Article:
LONDON (Reuters) - Shoppers in England will have to wear face coverings in shops and supermarkets from July 24 to help reduce the risk of a new pick-up in the spread of the coronavirus, Prime Minister Boris Johnson's office said.
Johnson said last week that tighter rules on wearing face coverings might be needed but a senior minister - Cabinet Secretary Michael Gove - said on Sunday that wearing masks should be left instead to people's common sense.
"The prime minister has been clear that people should be wearing face coverings in shops and we will make this mandatory from July 24," a spokesperson for Johnson's Downing Street office said on Monday.
Britain has Europe's highest coronavirus death toll, with almost 45,000 confirmed deaths.
In Scotland, which has its own powers over public health, as well as other countries such as Germany, Spain, Italy and Greece it is already compulsory to wear face coverings inside shops.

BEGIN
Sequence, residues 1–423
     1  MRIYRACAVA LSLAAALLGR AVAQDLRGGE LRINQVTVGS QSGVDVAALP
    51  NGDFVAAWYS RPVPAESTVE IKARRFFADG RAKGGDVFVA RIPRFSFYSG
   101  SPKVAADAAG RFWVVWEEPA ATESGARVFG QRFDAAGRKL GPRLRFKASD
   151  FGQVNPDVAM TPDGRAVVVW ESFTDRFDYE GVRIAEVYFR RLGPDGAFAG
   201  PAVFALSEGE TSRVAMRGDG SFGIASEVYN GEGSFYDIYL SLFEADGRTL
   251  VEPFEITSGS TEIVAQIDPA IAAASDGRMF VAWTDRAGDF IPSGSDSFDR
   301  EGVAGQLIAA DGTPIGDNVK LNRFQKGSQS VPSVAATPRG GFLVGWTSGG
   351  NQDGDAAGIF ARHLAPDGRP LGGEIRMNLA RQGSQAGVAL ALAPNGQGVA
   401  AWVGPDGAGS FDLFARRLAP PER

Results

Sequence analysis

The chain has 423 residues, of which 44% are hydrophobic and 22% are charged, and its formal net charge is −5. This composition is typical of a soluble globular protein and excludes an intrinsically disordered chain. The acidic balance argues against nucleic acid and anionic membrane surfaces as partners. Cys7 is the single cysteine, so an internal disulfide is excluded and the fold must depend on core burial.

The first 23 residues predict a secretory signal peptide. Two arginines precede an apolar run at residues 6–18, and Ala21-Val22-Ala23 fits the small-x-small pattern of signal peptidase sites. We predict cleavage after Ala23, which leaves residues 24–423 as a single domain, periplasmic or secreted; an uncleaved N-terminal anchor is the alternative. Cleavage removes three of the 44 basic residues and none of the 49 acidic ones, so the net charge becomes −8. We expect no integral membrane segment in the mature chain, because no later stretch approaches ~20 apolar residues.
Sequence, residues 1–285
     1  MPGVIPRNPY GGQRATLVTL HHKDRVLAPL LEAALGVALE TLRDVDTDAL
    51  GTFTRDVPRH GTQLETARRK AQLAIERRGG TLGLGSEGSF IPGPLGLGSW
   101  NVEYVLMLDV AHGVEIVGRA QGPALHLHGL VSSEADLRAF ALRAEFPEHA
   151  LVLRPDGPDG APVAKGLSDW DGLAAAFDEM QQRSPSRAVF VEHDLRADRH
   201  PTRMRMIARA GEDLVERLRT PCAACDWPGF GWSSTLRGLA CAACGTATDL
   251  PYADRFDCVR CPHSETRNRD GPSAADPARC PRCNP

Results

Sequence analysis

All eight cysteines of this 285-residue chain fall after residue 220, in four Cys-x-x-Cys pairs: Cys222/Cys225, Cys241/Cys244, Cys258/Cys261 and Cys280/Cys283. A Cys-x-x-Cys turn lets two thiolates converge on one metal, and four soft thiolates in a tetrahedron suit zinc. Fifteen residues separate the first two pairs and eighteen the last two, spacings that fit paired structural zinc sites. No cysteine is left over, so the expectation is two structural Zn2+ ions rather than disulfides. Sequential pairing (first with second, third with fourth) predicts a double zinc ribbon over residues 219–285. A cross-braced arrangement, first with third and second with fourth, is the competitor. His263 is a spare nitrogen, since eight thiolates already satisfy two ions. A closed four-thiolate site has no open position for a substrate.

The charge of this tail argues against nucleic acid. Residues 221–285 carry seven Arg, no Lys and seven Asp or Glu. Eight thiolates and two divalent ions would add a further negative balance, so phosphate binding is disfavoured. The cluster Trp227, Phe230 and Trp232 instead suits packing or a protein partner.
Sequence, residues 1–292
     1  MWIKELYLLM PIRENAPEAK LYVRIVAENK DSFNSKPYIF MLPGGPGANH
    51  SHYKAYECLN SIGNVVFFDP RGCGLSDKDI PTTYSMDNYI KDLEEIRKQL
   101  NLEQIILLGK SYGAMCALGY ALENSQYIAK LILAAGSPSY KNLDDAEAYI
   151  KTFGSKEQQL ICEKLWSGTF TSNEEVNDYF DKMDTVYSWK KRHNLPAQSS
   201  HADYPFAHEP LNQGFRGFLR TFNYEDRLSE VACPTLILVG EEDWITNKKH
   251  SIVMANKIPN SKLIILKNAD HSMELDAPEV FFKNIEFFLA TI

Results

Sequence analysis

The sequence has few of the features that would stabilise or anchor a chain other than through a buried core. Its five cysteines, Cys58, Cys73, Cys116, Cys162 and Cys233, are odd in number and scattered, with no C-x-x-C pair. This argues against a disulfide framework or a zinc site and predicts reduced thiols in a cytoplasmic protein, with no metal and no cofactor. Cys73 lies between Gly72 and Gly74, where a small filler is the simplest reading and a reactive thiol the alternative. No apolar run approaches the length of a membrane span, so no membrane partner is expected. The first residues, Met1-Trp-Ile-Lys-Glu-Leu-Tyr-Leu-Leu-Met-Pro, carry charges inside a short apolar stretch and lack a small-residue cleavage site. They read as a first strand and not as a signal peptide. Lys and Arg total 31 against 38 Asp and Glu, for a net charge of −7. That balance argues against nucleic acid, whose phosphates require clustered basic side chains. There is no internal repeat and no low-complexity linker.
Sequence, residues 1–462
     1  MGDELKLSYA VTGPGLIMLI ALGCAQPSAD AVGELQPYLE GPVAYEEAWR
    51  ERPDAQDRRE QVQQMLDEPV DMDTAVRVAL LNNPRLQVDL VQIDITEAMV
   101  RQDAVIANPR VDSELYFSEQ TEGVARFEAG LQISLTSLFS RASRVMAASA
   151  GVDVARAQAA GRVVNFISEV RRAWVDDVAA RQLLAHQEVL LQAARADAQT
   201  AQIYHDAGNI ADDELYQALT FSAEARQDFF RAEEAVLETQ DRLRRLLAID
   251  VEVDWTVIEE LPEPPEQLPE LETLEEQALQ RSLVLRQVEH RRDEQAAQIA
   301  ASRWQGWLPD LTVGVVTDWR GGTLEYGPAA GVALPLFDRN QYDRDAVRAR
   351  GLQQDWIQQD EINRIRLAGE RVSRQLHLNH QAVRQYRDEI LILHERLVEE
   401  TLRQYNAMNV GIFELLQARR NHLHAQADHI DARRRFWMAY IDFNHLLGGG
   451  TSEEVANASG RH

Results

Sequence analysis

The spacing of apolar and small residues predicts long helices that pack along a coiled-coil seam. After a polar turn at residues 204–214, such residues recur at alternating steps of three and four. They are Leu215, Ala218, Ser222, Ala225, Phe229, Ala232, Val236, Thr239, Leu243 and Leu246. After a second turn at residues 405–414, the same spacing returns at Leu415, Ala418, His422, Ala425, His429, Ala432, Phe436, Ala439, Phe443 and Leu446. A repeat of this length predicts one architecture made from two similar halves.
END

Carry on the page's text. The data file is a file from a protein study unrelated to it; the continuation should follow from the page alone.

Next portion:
The opposition Labour Party criticised Johnson's government for not moving sooner in England.
"Given the government's own guidance issued on May 11 advised in favour of face masks, many will ask why yet again have ministers been slow in making a decision ... and why it'll take another 11 days before these new guidelines come into force," Labour health spokesman Jonathan Ashworth said.
People who fail to wear a face covering will face a fine of up to 100 pounds ($126) – in line with existing fines for people who do not cover their face on public transport - which would fall to 50 pounds if paid within 14 days.
($1 = 0.7935 pounds)
(Writing by William Schomberg, Editing by William Maclean)